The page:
A Vet Reveals How To Help Your Pet Cozy Up To Your Partner If They're Not Getting Along
Whether you have a sweet little pup or a cuddly cat, there's one thing you can be sure of: You are number one in their life. As a pet parent, you're the one they can snuggle up against when they're feeling anxious, and the one who holds all of the tasty treats. So when your significant other comes into the picture, it's totally understandable for your fur baby to be a little wary of the potential threat to your bond. If you're wondering what to do if your pet hates your partner, look no further, because a vet has some suggestions for how to make things a little more peaceful.
According to Dr. Andrea Sanchez, DVM, of Banfield Pet Hospital, it's definitely not unusual for your pup or kitty to be protective of you when your SO is around. "Remember that you are your pet’s primary source of food, protection, and bonding, and they can sometimes feel that new people might threaten that reliability," she explains in an email to Elite Daily. If your pet is feeling suspicious, try to keep their interactions with your partner short (unless you're already living together, of course). Ideally, though, says Dr. Sanchez, gradually increasing the amount of time your favorite animal and favorite person spend together over a period of weeks is the best way to help your pet come to an understanding that your partner is here to stay.
Setting the tone for the environment where your pup and your partner interact is also key to helping them get along, Dr. Sanchez adds. "While it depends on the individual pet, it’s typically best to introduce your dog or cat to a new partner in a comfortable setting, like the home," she tells Elite Daily. Try to create a "safe zone" where your pet can retreat to when she feels anxious around your SO, suggests Dr. Sanchez. This could be a corner of your bedroom that's set up with a comfy bed, a favorite toy, and a water dish. "For dogs in particular," says Sanchez, "a kennel can be the ideal ‘safe space’ — not a place to send them when they are bad, but one they can go to get away from any stresses." This way, if your fur baby is unhappy that you're having your partner over, she has an already-comforting place to calm down.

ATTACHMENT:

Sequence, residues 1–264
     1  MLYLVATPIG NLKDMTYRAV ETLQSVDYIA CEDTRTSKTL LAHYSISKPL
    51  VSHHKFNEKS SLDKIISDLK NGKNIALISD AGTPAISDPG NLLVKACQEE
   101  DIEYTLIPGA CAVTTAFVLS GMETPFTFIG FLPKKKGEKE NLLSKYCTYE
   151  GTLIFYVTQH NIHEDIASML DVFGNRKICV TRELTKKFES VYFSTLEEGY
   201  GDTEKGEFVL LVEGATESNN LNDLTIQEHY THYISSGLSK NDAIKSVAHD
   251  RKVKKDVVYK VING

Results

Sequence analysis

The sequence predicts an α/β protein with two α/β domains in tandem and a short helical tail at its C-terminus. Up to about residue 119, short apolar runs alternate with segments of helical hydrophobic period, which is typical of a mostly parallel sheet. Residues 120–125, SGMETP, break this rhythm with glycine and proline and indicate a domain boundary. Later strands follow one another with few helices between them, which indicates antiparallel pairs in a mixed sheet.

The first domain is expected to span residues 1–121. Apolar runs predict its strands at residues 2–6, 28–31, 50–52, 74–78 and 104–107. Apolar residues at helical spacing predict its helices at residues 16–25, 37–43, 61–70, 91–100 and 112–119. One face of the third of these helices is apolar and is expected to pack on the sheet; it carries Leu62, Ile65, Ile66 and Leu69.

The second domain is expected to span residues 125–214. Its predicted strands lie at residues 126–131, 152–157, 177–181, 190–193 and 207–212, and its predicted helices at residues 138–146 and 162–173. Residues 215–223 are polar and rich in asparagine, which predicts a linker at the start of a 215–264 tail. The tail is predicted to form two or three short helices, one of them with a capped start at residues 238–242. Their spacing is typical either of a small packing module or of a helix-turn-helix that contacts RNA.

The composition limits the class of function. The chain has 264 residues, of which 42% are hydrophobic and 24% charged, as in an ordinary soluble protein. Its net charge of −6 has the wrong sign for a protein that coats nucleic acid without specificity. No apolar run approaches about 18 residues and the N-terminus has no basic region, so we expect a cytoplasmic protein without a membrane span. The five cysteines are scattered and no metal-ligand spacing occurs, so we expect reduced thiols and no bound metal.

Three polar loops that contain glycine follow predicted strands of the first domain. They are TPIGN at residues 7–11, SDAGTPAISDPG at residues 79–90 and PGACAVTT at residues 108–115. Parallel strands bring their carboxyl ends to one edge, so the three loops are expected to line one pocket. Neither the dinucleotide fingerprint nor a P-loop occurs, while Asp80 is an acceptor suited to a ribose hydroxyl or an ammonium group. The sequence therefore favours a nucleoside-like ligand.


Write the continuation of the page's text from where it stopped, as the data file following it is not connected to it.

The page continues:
Think about it this way: If you have younger siblings, then you probably remember how special it was to you whenever you got any one-on-one time with your parents. In a similar way, spending quality time with your pet helps to reassure her that she isn't being replaced by your SO, says Dr. Sanchez. "It’s imperative to carve out time to give them special attention, whether through walks, cuddles, or play sessions," she explains. And don't forget to have fun together as a group of three from time to time. "Include your partner in these activities to help your pet associate them with positive things," suggests Dr. Sanchez.
Make sure to give the relationship between your pet and your partner time to develop, rather than rush an instant connection, she adds. "Just like humans, pets can have an adjustment period when being introduced to someone new," the veterinarian explains. Since animals have such a strong sense of smell, she recommends trying to acclimate your pooch to your partner's smell by putting an old item of their clothing near her bed or her favorite spot on the couch.
Of course, if you have fears or apprehensions related to how your pet may react to or behave around your significant other, it never hurts to talk with your veterinarian about other behavioral tips and tricks. If things seem particularly tense, you could also consider working with a professional trainer or a veterinary behaviorist, says Dr. Sanchez, who can help you work through problems and develop a specific plan for how to deal with these types of situations.
Cats, specifically, may be less likely to instantly take to a new face around your home than a dog would, according to Dr. Sanchez. "In general, cats are accustomed to playing the solitary hunter, stalking prey and staying hidden without the aid of a pack or pride to watch their back," she tells Elite Daily, "making the feline the more self-sufficient of house pets." This means that the adjustment period might last a little longer before your favorite feline and your SO become BFFs, but at the end of the day, says Dr. Sanchez, most cats will eventually adjust to your new partner over time.
Whenever your pet isn't acting like the angel you know her to be, just remember that loyalty and devotion are some of the most wonderful characteristics of a sweet cat or dog, and your fur baby might not really be showing hate for your SO, but love for you — her favorite person in the world.